remains well by scholars read today.
From 1517 on, Henry VIII took a liking to Thomas More, and gave him posts of ever increasing responsibility. In 1521, he
was knighted and made Under-Treasurer of the Exchequer.
The King's trust in More grew with time and More was soon made Chancellor of the Duchy of Lancaster, which gave him
authority over the northern portion of England on behalf of Henry.
More became Lord Chancellor in 1529.
More was immediately effective, working with speed and precision that is admired today. He was likely one of Henry VIII's
most effective servants, and was fiercely loyal to the king.
During his tenure as Lord Chancellor, More prosecuted those accused of heresy and worked tirelessly to defend the
Catholic faith in England. This was an arduous, but achievable task as long as he enjoyed Henry's favor. However, in
1530, as Henry worked to obtain an annulment from his wife, Catherine, Moore refused to sign a letter to the Pope,
requesting an annulment. This was More's first time crossing Henry.
The relationship between More and Henry became strained again when seeking to isolate More, Henry purged many of
the clergy who supported the Pope. It became clear to all that Henry was prepared to break away from the Church in
Rome, something More knew he could not condone.
In 1532, More found himself unable to work for Henry VIII, whom he felt had lost his way as a Catholic. Faced with the
prospect of being compelled to actively support Henry's schism with the Church, More offered his resignation, citing failing
health. Henry accepted it, although he was unhappy with what he viewed as flagging loyalty.

In 1533, More refused to attend the coronation of Anne Boylen, who was now the Queen of England. More instead wrote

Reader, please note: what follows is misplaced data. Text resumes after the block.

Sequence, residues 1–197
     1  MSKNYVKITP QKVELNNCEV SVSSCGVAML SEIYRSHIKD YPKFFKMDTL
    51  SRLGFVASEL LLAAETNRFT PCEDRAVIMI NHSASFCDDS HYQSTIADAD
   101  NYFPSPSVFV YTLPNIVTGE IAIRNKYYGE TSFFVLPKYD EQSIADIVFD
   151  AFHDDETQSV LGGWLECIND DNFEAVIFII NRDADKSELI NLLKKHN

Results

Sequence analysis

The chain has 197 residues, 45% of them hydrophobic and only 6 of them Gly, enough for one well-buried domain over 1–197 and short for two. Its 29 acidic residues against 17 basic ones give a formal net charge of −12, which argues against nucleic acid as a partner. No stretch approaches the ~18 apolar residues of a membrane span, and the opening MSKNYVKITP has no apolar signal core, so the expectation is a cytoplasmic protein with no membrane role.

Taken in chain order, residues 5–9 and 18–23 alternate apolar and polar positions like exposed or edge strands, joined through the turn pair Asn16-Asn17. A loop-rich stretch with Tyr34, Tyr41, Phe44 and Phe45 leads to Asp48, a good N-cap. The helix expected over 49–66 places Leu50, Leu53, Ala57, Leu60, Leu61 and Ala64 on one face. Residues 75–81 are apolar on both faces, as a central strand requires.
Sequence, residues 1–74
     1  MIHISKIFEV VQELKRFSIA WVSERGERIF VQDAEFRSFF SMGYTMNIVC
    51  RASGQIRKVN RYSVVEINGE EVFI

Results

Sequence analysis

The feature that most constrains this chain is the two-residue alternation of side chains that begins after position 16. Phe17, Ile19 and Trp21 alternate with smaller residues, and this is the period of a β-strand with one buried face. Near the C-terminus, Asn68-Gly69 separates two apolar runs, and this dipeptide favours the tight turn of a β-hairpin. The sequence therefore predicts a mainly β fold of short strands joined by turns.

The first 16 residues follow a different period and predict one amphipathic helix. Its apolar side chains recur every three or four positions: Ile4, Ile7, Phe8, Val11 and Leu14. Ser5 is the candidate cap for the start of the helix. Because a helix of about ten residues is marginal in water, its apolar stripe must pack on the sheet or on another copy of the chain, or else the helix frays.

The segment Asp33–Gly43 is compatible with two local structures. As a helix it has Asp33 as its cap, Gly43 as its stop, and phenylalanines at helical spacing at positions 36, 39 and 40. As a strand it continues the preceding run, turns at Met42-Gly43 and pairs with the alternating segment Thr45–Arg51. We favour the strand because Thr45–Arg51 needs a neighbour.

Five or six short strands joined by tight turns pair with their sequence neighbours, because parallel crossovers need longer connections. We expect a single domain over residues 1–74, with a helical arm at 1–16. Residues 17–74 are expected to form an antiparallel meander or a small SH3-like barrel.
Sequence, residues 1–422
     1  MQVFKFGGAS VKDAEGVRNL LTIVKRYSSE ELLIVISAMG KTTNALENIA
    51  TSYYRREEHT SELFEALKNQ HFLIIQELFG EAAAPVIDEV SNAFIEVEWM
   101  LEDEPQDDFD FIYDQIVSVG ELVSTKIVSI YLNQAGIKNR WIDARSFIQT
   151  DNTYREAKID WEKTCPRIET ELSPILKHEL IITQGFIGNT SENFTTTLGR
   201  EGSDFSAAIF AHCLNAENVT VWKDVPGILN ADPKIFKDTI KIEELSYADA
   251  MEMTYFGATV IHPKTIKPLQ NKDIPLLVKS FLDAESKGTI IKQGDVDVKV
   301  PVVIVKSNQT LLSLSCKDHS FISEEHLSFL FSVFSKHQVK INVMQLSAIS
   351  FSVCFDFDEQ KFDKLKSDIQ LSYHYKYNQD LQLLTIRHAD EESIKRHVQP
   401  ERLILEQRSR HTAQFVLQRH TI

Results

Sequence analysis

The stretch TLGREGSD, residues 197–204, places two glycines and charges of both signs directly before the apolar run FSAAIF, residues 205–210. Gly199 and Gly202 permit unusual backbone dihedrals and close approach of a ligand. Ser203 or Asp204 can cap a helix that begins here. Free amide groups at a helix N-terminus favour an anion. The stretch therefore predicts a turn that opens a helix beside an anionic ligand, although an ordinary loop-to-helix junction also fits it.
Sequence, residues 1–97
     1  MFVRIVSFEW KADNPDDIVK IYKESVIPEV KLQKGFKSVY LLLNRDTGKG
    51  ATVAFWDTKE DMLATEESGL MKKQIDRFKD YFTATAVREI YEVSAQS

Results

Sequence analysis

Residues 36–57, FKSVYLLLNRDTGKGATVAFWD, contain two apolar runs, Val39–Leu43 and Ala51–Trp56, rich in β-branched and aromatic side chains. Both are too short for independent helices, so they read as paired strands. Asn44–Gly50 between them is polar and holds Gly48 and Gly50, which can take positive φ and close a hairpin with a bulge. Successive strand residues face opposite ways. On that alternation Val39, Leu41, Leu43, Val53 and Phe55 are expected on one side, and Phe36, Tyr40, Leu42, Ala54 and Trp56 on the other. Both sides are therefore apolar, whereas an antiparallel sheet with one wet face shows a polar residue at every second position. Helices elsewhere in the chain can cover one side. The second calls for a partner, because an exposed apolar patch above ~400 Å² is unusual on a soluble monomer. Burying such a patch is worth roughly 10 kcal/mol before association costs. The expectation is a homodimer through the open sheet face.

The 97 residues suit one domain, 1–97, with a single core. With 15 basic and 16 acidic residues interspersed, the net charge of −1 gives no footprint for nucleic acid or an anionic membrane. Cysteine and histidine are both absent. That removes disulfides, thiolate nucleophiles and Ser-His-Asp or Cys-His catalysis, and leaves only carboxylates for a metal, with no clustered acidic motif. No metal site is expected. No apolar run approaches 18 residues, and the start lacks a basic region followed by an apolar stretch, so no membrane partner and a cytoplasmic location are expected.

a letter of congratulations. The letter, as opposed to his direct presence offended Henry greatly. The king viewed More's
absence as an insult to his new queen and an undermining of his authority as head of the church and state.
Henry then had charges trumped up against More, but More's own integrity protected him. In the first instance, he was
accused of accepting bribes, but there was simply no evidence that could be obtained or manufactured. He was then
accused of conspiracy against the king, because he allegedly consulted with a nun who prophesied against Henry and his
wife, Anne. However, More was able to produce a letter in which he specifically instructed the nun, Elizabeth Barton, not
to interfere with politics.
On April 13, 1534, More was ordered to take an oath, acknowledging the legitimicies of Anne's position as queen, of
Henry's self-granted annulment from Catherine, and the superior position of the King as head of the church. More
accepted Henry's marriage to Anne, but refused to acknowledge Henry as head of the church, or his annulment from
Catherine. This led to his arrest and imprisonment. He was locked away in the Tower of London.
He faced trial on July 1 and was convicted by a court that included Anne Boylen's own father, brother and uncle, hardly an
impartial jury. Still, More had one thing going for him. He could not break the law of which he was accused if he remained
silent. However, he had no defense against treachery, and several dubious witnesses were able to contrive a story that he
had spoken words that had the same effect as treason.
Despite a brilliant defense of himself and persuasive testimony, grounded in truth and fact, More was convicted in fifteen
minutes. The court sentenced him to be hanged, drawn, and quartered, which was the traditional punishment for treason.
Henry was pleased with the outcome, although likely upset that one of his favorite advisers refused, even upon pain of
death, to sanction his annulment and break from Rome. Henry was a Machiavellian king and while he may have regretted
the loss of More, he was more intent upon retaining his authority.
As a final act of mercy, Henry commuted More's punishment to mere decapitation.
More ascended the scaffold on July 6, 1535, joking to his executioners to help him up the scaffold, but that he would see
himself down. He then made a final statement, proclaiming that he was "the king's good servant, but God's first."
Following his death, it was revealed that More wore a hair shirt, a garment destined to be itchy, and worn to as a sign of
atonement and repentance. It became obvious to all that he was a man of deep piety, asceticism, voluntary self discipline,
and penitence.
More's decapitated body was buried in the Chapel of St. Peter ad Vincula at the Tower of London, in an unmarked grave.
His head was put on display, but his daughter Margaret possibly bribed someone to take it down. The skull may be in the